CHINA - Embraces Facial Payment Tech

Arno Froese

No cash, no cards, no wallet, and no smartphones: China’s shoppers are increasingly purchasing goods with just a turn of their heads as the country embraces facial payment technology.

The software is already widely used, often to monitor citizens―it has been credited with nabbing jaywalkers and catching criminals. But authorities have come under fire for using it to crack down and monitor dissent, particularly in China’s surveillance-heavy region of Xinjiang.

Despite the concerns over data security and privacy, consumers seem unperturbed as facial recognition payment hits the high streets.

Alipay―the financial arm of ecommerce giant Alibaba―has been leading the charge in China with devices already in 100 cities. The firm is predicting enormous growth in the sector and recently launched an upgrade of its “Smile-to-Pay” system, using a machine roughly the size of an iPad. Alipay will spend three billion yuan ($420 million) over three years on implementing the technology.

Tencent, which runs the WeChat app with 600 million users, unveiled its new facial payment machine called “Frog Pro” in August, while a growing number of start-ups are trying to tap into the burgeoning industry.

At the IFuree self-service supermarket in Tianjin, a 3D camera scans the faces of those entering the store―measuring width, height and depth of the faces―then another quick scan again at check-out.

“It’s convenient because you can buy things very quickly,” says retiree Zhang Liming after using facial payment for her groceries. “It’s different from the payment in the traditional supermarket, in which you have to wait in the checkout line and it’s very troublesome,” she argues.

“Much of the smart retail trend is company-driven for two ends in particular: to prevent shoplifting and to get better data on consumer preferences for analytics and marketing,” says Jeffrey Ding, researcher at the Center for the Governance of AI at Oxford University. The technology also feeds into a broader state drive in China for smart tech and Artificial Intelligence.

Supporters of the technology wave aside privacy concerns.

“The facial recognition technology helps to protect our privacy,” explains IFuree engineer Li Dongliang.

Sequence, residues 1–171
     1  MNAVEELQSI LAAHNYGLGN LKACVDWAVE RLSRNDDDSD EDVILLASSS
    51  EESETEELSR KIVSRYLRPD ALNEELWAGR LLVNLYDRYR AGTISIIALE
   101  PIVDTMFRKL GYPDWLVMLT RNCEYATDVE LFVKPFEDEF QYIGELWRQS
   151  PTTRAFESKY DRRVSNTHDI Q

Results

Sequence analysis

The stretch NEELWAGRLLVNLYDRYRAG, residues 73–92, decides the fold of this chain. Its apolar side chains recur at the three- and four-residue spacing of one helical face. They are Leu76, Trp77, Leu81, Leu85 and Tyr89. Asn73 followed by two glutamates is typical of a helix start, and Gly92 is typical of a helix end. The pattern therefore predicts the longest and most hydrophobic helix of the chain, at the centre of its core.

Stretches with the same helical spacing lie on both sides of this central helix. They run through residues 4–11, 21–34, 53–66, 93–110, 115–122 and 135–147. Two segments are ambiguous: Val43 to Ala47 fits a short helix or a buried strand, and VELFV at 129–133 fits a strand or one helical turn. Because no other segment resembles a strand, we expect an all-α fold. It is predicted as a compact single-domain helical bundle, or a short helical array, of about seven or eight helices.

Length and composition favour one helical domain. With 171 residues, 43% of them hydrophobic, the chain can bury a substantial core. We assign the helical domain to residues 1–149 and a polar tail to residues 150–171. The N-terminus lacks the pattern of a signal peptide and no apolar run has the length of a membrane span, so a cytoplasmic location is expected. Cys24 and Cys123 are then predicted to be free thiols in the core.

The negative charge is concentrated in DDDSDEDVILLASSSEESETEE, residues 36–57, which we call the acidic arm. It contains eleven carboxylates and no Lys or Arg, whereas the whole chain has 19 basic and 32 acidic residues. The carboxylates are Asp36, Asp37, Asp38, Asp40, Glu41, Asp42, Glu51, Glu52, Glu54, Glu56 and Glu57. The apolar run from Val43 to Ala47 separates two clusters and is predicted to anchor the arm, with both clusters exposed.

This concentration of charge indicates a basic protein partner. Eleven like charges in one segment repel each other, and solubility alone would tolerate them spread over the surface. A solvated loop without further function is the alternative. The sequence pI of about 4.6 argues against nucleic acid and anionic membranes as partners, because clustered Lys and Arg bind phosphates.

“In the traditional way, it’s very dangerous to enter the password if someone stands beside you. Now we can complete the payment with our faces, which helps us secure our account,” he insists.

-www.koreatimes.co.kr, 12 September 2019

Arno's commentary

With restrictions and tariffs in place, communist China is forced to develop its own technology. When it comes to success, there is simply no question; the WeChat app garners 600 million users. Logically, that’s only the beginning. Here we must recall that America’s success was built on the masses, while European nations were strictly segregated by borders, customs controls, financial barriers, and smaller monetary areas. The US outnumbered any European nation. Moreover, China’s economy is centrally controlled by the communist party and has masterfully avoided military conflicts; instead, it has been building a global infrastructure: roads, trains, airports, harbors, etc.

National Public Radio has this to say:
Chinese companies have invested in strategic Israeli infrastructure, from shipping to electricity to public transportation, and they have bought up millions of dollars in stakes in cutting-edge technology startups.
-www.npr.org, 11 September 2019

As predicted in Scripture, the world will and must unite, and this can only be done if the major nations have achieved equal footing. There is little doubt in anyone’s mind that China will become the world’s leading economy.

Arno Froese is the executive director of Midnight Call Ministries and editor-in-chief of the acclaimed prophetic magazines Midnight Call and News From Israel. He has authored a number of well-received books, and has sponsored many prophecy conferences in the U.S., Canada, and Israel. His extensive travels have contributed to his keen insight into Bible prophecy, as he sees it from an international perspective.

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